Sunday Music – The Admiral’s Daughter

Posted on Sun 05/29/2011 by

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Today’s music video is The Admiral’s Daughter and this is a song from the American entertainer Ruth Wallis.

Link to Video at You Tube

This video was posted to You Tube by Ruth Wallis – Topic

Ruth Wallis

I first remember hearing this song as a young boy, probably in the late 50’s, and then again in the early 60’s. My Dad would (very) occasionally get it out and play it, and then carefully hide it back in the cupboard. When I found this song the other day, it was the first time I had heard the song since that odd occasion as a young boy. After playing it, Dad would mention to me not to tell anyone we had the record at home, and to not even to sing it aloud, which was difficult, because it really is quite a catchy song.

The problem with the song was that it was banned from airplay on any radio station here in Australia, and in fact, it was not even able to be sold in record shops.

My Dad had 10 of Ruth Wallis’ disks, and I even think that they were 78’s.

In this day and age when virtually anything can get recorded, there is still some stuff that does not get airplay, but nothing is really banned any more, because they just put a label on the CD.

Foul language gets put onto songs, and even some of them get occasional airplay these days, so when you hear this, you’ll probably wonder what the fuss is all about.

Ruth Wallis started out as a singer with bands before the Second World War, and even sang a stint with Benny Goodman, but he mentioned that he wanted a vocalist, and he thought of Ruth as a soloist, which was probably a compliment at that time.

Ruth did sing with large bands, but gained fame after the War and into the 50’s as a lounge and club singer. She would occasionally sing one of her early songs full of those obvious double entendres, and these became popular as fans flocked to the clubs she appeared at.

In fact, she became quite a celebrated singer, even though none of her songs received airplay in the U.S.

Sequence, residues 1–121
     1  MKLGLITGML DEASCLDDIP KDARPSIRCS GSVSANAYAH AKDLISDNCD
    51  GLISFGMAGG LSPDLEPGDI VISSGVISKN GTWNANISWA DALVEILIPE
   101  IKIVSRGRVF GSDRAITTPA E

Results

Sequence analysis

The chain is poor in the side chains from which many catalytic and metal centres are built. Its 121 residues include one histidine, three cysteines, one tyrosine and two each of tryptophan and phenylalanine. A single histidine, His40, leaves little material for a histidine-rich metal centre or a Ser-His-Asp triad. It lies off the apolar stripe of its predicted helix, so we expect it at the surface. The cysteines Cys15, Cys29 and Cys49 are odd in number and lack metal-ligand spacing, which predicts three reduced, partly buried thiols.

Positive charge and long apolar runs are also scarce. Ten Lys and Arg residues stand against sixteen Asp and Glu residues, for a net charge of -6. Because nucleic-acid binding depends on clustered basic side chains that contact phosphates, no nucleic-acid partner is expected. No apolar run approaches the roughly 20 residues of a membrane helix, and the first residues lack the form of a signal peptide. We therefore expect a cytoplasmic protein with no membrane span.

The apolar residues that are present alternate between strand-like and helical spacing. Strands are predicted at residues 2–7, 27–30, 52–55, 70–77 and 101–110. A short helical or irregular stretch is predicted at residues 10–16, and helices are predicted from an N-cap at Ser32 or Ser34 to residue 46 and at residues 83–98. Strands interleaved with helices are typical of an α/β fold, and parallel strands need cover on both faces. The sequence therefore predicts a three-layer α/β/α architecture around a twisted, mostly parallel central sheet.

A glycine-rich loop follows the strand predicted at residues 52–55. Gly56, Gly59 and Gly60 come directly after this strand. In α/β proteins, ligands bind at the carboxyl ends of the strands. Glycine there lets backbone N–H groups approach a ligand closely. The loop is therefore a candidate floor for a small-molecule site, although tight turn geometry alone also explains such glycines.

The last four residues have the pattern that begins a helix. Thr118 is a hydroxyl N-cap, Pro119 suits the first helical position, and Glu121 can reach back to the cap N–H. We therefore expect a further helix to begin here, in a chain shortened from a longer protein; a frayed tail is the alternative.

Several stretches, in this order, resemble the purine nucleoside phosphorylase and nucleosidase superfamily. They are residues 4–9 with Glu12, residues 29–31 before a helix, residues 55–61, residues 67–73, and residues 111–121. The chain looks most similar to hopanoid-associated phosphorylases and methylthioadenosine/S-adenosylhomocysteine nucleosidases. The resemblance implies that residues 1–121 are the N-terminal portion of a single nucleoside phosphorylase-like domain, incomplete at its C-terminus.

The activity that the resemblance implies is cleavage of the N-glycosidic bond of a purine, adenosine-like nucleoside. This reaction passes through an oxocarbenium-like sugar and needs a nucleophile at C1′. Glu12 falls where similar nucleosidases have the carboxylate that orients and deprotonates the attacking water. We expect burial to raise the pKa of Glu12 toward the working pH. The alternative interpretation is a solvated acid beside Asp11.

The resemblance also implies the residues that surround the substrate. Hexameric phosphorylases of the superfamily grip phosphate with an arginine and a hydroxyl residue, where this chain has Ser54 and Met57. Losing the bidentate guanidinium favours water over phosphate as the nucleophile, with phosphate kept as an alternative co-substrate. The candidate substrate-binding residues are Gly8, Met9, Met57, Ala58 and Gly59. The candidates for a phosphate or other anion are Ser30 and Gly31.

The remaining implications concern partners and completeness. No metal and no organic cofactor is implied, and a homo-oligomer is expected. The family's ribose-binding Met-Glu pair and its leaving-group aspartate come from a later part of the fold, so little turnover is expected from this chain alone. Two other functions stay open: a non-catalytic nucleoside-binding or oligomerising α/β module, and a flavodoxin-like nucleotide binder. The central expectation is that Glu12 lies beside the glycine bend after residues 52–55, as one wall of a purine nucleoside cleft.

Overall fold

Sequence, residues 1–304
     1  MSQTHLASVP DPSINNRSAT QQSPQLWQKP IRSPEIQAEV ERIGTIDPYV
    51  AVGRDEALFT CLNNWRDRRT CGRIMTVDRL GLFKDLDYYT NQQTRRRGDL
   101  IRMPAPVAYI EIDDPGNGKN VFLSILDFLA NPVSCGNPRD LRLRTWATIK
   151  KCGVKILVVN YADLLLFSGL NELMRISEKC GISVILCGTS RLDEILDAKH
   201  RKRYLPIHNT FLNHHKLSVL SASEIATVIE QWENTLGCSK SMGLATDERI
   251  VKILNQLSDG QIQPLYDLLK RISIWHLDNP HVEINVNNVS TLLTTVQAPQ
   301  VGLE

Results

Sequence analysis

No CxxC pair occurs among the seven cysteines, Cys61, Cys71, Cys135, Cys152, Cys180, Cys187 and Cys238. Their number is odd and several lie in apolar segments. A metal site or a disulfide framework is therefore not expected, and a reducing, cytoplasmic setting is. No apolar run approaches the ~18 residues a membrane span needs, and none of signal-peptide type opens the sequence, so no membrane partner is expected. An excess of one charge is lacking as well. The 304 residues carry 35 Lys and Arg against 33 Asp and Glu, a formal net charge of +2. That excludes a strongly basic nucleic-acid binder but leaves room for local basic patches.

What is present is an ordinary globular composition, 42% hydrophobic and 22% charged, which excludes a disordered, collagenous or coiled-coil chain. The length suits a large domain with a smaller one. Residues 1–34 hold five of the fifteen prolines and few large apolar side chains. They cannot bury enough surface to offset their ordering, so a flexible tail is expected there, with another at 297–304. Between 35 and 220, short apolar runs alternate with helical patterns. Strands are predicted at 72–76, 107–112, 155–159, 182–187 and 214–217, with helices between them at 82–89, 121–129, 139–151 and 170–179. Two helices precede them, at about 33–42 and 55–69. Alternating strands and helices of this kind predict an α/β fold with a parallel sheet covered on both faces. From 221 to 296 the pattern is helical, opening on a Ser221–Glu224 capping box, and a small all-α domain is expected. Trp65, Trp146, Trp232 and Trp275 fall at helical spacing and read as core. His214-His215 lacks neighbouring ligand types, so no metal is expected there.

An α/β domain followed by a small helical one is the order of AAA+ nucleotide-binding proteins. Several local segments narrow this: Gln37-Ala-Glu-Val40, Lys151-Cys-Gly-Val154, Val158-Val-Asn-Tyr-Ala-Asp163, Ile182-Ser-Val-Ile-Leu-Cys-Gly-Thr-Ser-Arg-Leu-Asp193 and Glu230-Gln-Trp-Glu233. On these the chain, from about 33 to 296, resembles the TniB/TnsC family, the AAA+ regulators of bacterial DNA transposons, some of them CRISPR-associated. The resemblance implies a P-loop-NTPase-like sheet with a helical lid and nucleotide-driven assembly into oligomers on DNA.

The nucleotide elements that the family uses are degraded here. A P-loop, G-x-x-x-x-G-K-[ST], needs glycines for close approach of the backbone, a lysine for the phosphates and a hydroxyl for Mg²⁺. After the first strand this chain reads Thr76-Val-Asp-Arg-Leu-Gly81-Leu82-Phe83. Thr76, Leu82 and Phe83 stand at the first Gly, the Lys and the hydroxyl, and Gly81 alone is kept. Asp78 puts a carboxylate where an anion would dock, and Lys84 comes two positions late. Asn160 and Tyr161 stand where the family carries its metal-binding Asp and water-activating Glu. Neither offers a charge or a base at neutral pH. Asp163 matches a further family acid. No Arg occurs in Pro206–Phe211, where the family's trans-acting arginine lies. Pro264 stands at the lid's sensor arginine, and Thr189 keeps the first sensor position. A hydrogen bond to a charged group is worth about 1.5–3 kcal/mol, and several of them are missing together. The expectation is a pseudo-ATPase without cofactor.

She wrote all her own songs, and would combine her solo ‘stand up’ singing with sitting at the piano, and playing and singing her songs.

As you might imagine, she had trouble finding a record company to press her singles, so, problem solved, she set up her own record company, and with her husband, and her manager, she pressed her own singles.

They sold well, even without radio airplay.

As risque as the songs may seem, she always had a large backing band playing with her, and sometimes even an orchestra. Many of the ‘big names’ actually worked ‘sessions’ with Ruth, and in fact The Ray Charles Singers recorded backing for Ruth Wallis.

Ruth was also quite popular in Australia, and made seven tours here, where she also played to packed lounges and clubs.

On one tour, when she arrived here by plane, she was taken aside after disembarking by Customs officials at the airport. She was questioned for more than hour, and all her records were confiscated and destroyed, and there was even some talk of her not even being allowed into the Country.

As you might imagine, something like this could prove to be a setback, which authorities thought was going to be the end result of this, but in fact the opposite happened, and all her shows were sold out affairs. This led to those further many tours of Australia, but her songs were still banned from airplay, and also banned from sale.

However, there was a rumour that if you had a friend of a friend who had connections, you could probably get hold of some of her recorded songs, and the ones my Dad had were probably these, and as the story goes they were in plain brown wrappers.

This song, ‘The Admiral’s Daughter’ was one of four spin off songs from her signature song, ‘The Dinghy Song’, one of her records that sold in excess of a quarter of a million records, which is not too bad, considering she couldn’t get airplay anywhere.

Sadly, Ruth Wallis is no longer with us now, having passed in 2007, reaching the fine age of 87. She lived happily all her life with her husband and had children and grandchildren, so singing risque songs in her case did not lead to a dissolute life.

These are songs you will never hear anywhere now, and there is something about songs like these that have that little extra something that today’s songs that are slightly off colour do not have.

You have to understand what she is really singing about in your own mind. It’s not as blatant as today’s songs are.

On top of that, it actually is quite a catchy song, and she was quite pleasing to the eye as well.

For more information on Ruth Wallis, see this link. (pdf document)

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Posted in: Music, Videos